Feds Propose Stronger Child Care Standards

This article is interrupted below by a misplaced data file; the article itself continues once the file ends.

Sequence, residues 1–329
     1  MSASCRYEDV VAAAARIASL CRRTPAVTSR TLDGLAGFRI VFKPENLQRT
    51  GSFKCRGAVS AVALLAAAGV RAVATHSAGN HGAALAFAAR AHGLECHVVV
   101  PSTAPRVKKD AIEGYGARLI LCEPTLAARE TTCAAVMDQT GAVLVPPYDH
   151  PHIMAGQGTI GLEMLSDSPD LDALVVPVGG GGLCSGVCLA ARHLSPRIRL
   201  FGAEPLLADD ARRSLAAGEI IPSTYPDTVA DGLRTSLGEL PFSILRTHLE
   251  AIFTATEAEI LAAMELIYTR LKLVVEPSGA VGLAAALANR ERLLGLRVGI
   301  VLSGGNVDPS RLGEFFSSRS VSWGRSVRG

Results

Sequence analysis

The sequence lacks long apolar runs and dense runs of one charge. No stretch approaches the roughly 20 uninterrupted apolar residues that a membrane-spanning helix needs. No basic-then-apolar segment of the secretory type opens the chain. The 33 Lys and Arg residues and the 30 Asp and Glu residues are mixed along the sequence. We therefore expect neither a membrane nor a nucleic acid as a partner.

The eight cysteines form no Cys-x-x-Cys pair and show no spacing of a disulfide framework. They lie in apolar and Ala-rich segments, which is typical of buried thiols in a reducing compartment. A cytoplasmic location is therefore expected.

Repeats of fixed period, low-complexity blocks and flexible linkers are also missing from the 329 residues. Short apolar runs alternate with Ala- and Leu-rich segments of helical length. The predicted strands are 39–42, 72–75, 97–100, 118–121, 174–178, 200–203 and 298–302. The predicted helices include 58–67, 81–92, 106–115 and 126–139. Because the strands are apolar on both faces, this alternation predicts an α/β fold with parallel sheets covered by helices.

A proposed rule from the Department of Health and Human Services would strengthen standards for the 1.6 million children who are served by providers that get money from the Child Care and Development Fund, a federal program to aid low-income children under the age of 13. The administration claims that current regulations resemble a patchwork of regulations for childcare centers, with state laws varying on whether providers need background checks or first aid and CPR training. One in 10 children who are served by the program are cared for in totally unregulated facilities, the department asserts in the proposal, which “can leave children in unsafe conditions, even as their care is being funded with public dollars.” The department’s proposal would require that providers receive background checks, are monitored on-site and complete health and safety training. It also mandates that states set up websites to tell parents about different child care providers, their licenses and possible past violations, which would cost state agencies about $2 million.

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